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Webinar Series Focuses on COVID-19 Shutdown and Mental Health in Live Events

Kevin M. Mitchell • Industry News • June 16, 2020

This pandemic affects everyone, but for those who so closely identify who they are with what they do, it’s devastating. And if that job is in live events, the end is nowhere in sight, and that can take a toll on your mental health. As PLSN/FOH publisher Terry Lowe said a recent state-of-the-industry webinar (www.plsn.me/CovidUpdate), “It’s not like we can do curbside take out.” Show Maker Symposium, (www.showmakersymposium.com), a 501(C)(3) non-profit formed this year, has stepped in.

“We know someday they’ll be live shows again — but when? No one can answer that. It’s not like we’re delayed because of rain or the artist got sick … it’s all out of our control.” — Jim Digby

Jim Digby

Show Maker Symposium was formed pre-virus to address the need for a more holistic industry gathering for behind-the-scenes professionals. A pivot ensued, and now they have been hosting a series of Friday afternoon webinars on mental health issues and just completed their 12th under the I’m With the Crew banner. All episodes are on their website and worthy of a visit, especially in these troubling times, starting with the first, Mental Resilience During the Blackout (www.plsn.me/SMS-1) which aired on March 23. The webinars are drawing between 300-500 people live, and many others are checking them out after online. Among those behind it are founder/producer Jim Digby (also of the Event Safety Alliance), tour manager Misty Roberts; and video director/photographer Shelby Carol Cude.

The mental health series will be operational for the foreseeable future, says Digby. “Humans in our industry sometimes have a propensity to carry a ‘false bravado’ from the nature of the work we do, and in the early days of Covid felt that this would not affect them to the extent it has, it was clear to the Symposium group that in addition to the loss of income, we were and are going to be suffering hard mentally. What may make us different from other professions is that we are emotionally connected to the work. When those things are abruptly taken away, the emptiness it leaves behind can become concerning, possibly destructive, we wanted to address that concern in a meaningful and hopeful way.”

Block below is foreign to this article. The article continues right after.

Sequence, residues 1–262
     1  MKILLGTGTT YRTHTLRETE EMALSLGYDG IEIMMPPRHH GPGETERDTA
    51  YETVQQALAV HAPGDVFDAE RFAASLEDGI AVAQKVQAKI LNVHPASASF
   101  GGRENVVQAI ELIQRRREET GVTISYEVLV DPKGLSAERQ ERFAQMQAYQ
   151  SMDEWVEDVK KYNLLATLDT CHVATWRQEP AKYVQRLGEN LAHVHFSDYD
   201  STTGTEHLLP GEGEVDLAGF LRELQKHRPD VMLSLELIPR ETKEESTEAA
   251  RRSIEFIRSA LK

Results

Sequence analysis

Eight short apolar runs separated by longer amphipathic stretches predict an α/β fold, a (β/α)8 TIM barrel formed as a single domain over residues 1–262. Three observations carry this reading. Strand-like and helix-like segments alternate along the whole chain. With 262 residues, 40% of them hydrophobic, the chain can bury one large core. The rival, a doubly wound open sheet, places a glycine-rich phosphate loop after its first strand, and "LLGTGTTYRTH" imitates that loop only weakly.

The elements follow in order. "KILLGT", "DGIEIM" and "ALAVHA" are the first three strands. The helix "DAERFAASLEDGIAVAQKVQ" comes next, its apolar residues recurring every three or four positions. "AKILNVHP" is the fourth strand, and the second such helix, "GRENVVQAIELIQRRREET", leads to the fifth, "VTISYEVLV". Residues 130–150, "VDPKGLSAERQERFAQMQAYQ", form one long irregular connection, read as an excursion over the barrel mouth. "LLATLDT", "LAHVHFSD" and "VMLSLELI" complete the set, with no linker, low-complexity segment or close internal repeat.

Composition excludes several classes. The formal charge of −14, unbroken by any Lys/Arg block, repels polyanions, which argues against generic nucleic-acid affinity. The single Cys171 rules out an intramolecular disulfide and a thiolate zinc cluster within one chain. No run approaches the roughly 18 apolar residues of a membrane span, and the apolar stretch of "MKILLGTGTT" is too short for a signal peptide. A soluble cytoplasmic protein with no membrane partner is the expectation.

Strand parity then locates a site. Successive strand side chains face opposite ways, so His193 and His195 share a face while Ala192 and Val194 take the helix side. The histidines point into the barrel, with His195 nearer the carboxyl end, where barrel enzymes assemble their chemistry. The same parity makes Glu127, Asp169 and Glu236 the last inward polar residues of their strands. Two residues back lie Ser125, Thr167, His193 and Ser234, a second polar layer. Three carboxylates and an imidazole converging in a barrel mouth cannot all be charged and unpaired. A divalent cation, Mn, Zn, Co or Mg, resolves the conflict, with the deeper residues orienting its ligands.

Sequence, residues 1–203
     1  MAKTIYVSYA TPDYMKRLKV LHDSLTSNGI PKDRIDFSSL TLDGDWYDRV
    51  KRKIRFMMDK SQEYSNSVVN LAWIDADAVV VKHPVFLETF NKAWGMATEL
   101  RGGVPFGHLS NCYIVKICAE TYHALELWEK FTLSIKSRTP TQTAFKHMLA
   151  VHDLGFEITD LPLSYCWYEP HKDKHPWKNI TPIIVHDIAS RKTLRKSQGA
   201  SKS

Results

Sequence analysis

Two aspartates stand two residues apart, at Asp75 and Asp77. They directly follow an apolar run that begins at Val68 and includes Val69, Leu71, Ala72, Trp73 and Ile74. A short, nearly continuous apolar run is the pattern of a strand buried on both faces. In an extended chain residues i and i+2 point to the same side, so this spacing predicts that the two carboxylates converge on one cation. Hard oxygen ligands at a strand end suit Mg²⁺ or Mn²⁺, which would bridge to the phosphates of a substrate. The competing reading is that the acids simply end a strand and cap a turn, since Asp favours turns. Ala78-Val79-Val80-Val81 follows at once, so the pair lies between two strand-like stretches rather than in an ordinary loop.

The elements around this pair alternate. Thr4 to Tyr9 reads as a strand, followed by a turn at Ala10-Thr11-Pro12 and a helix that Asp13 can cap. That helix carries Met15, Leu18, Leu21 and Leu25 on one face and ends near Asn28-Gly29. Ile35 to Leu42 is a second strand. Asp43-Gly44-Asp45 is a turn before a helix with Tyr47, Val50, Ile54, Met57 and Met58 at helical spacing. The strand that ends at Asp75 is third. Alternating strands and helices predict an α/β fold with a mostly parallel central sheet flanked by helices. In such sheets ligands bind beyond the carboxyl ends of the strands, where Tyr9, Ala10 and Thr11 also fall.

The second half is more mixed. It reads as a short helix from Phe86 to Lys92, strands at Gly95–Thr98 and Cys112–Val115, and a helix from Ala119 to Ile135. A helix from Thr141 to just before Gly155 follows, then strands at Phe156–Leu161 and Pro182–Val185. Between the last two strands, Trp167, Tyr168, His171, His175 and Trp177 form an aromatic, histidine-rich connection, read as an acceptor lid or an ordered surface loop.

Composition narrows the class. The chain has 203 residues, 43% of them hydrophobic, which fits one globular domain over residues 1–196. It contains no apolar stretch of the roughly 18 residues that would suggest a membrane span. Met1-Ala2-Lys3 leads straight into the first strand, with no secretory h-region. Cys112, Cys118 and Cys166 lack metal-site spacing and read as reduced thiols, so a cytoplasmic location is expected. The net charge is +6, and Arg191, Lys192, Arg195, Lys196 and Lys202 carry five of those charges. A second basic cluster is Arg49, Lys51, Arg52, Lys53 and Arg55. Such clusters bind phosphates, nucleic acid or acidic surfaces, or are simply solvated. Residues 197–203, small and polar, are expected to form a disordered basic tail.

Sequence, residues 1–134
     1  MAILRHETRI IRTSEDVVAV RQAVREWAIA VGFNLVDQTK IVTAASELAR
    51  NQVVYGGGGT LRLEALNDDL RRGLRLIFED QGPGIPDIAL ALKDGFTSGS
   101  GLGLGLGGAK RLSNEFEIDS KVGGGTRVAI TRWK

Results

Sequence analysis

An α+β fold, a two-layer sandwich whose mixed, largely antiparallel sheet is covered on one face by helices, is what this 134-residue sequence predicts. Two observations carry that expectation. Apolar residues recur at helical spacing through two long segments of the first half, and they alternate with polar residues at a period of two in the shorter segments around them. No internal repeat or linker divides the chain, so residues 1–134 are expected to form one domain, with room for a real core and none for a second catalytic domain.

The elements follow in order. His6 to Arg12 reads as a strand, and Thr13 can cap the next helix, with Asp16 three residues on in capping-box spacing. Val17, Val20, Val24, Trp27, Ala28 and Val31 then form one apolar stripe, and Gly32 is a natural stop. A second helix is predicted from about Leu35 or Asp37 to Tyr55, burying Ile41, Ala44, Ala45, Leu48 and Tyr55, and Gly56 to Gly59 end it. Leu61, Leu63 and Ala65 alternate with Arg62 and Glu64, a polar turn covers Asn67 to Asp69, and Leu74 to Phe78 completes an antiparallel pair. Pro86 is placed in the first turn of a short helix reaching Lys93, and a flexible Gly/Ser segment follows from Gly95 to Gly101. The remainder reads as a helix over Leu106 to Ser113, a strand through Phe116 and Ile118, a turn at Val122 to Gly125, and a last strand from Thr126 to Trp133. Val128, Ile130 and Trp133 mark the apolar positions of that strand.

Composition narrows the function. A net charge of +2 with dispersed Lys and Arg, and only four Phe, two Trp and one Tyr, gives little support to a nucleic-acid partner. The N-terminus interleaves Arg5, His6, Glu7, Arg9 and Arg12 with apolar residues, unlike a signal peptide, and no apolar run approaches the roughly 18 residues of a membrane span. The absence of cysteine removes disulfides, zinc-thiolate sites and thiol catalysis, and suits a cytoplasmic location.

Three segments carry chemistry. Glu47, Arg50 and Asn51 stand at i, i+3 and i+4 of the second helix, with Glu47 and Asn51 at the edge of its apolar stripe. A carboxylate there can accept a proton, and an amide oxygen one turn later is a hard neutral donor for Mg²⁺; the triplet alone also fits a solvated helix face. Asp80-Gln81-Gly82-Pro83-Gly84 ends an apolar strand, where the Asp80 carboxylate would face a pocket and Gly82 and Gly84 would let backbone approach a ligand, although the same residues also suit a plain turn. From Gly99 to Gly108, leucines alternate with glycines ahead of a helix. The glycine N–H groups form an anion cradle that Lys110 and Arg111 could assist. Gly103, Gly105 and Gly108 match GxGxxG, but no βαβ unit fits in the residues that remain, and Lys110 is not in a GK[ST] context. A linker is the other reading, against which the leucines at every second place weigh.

While some in our industry may be better equipped to work proactively on their mental resilience just as one does their body strength, others need to be encouraged to seek help and support. “What we do is important and unique, our work has its own rules. We’re not reporting to anyone other than ourselves more or less, and that gives us a false sense of control in the world.” The pandemic hits, and for the first time we’re all out of work and we can’t take charge of anything. “We know someday they’ll be live shows again — but when? No one can answer that. It’s not like we’re delayed because of rain or the artist got sick … it’s all out of our control.” The overall message of the Symposium and these mental health webinars in general is that we’re stronger together, and we’re in this together.

Providing Some Guidance
Misty Roberts started working with regional and Midwestern bands in 2002 and has global experience as tour director, tour manager, and production manager. When she agreed to work with Digby on the symposium, the Covid-19 crisis hit. “We had to figure out what information is important and how we get it out there,” she says. “I have a wonderful therapist, Tayrn Longo, and I asked her to be involved, and then [addiction expert] Dave [Sherman] was brought in.” Besides those main host and co-hosts, special industry guests as Joey Gallagher, Scott Scovill, and David “5-1” Norman have sat in.

Roberts says one of the many clear situations that has emerged is that everyone is going to feel different on any given days. “It’s not linear. I’ll talk to people one day and everything is fine, and the next day I can’t get out of bed. Our purpose is missing.” The long-term impact on our industry is evident and taking on-line courses is much encouraged. Also, for some, there’s the opportunity to start over in a career that is completely different and that can lead to “some really exciting years.”